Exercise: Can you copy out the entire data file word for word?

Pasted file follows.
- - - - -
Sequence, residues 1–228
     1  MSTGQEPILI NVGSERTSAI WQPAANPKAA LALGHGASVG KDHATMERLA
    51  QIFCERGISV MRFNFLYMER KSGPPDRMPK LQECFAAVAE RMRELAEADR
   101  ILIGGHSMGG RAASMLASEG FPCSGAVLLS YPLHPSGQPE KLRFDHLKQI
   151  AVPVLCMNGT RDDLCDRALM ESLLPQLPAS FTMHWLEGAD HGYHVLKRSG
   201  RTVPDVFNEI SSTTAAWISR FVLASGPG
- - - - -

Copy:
Sequence, residues 1–228
     1  MSTGQEPILI NVGSERTSAI WQPAANPKAA LALGHGASVG KDHATMERLA
    51  QIFCERGISV MRFNFLYMER KSGPPDRMPK LQECFAAVAE RMRELAEADR
   101  ILIGGHSMGG RAASMLASEG FPCSGAVLLS YPLHPSGQPE KLRFDHLKQI
   151  AVPVLCMNGT RDDLCDRALM ESLLPQLPAS FTMHWLEGAD HGYHVLKRSG
   201  RTVPDVFNEI SSTTAAWISR FVLASGPG